On Wednesday, Mohammed Farah, Abdirahman Daud, and Guled Omar, three Somali Americans, began their trial in a Minneapolis federal courtroom for allegedly attempting to join the Islamic State (ISIS) in 2014.
The trio is actually a part of a group of almost a dozen young Muslim men who were recruited from Minneapolis, which has the largest Somali population in the United States, to join ISIS.
More about this
While six of the men plead guilty, 22-year-old Daud, 21-year-old Omar, and 22-year-old Farah have been charged “with providing material support to ISIS, essentially offering themselves as fighters, and planning to commit murder outside the United States on behalf of the group,” according to NPR.
Farah, Omar, and Daud — along with their six peers — reportedly became radicalized after watching a number of YouTube videos on ISIS.
Not long after, ISIS would purportedly “seduce” the group over social media.
From March 2014, prosecutors allege the group met repeatedly to determine how they could raise funds and get passports to travel to Syria.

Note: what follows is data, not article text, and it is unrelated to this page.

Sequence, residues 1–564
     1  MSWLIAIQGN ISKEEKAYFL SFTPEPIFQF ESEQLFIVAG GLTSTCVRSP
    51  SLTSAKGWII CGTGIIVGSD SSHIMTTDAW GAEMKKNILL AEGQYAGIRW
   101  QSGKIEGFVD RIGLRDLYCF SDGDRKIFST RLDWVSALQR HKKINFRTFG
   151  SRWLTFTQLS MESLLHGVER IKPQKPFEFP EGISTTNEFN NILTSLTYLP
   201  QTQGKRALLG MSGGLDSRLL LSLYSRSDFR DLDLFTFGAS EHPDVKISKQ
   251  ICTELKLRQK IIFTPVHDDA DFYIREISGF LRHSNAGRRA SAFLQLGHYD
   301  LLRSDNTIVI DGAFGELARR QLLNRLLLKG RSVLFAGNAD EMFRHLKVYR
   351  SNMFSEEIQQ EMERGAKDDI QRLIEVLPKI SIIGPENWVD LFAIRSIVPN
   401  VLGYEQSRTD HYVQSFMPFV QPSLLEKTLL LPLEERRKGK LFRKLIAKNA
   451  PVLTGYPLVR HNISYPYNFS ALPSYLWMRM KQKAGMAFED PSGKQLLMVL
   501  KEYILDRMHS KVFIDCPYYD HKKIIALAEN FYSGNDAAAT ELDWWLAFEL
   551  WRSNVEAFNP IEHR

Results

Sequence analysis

By April, after driving to San Diego, Calif., Daud and Farad would be arrested by the Federal Bureau of Investigation.
“Prosecutors identified one man, Abdi Nur, who made it to Syria and tried to recruit young Minnesotans to join him. They also allege that the defendants were inspired by another Minnesotan, Hanad Mohallim, who traveled to Syria and is believed to have been killed in an airstrike.”
Unfortunately, this isn’t the first time Somali Americans have been recruited for terrorism: In 2010, 14 Somali Minnesotans attempted to join Al Shabab, an al-Qaeda-linked terrorist organization based in Somalia and responsible for Kenya’s grisly Garissa University attack last year as well as the Westgate Shopping Mall attack in 2013.
At the time, this group represented a disturbing trend of Americans becoming terrorists in order “to support violent jihad in Somalia,” according to a statement from the U.S. government.
If the men are found guilty in this current case, they could face life in prison.
So far, 80 Americans have already been arrested for attempting to join ISIS and 200 Americans have succeeded to flying to Syria.
Investigators hope this current case will give insight into ISIS’ recruiting efforts, particularly its successful efforts at targeting young adults.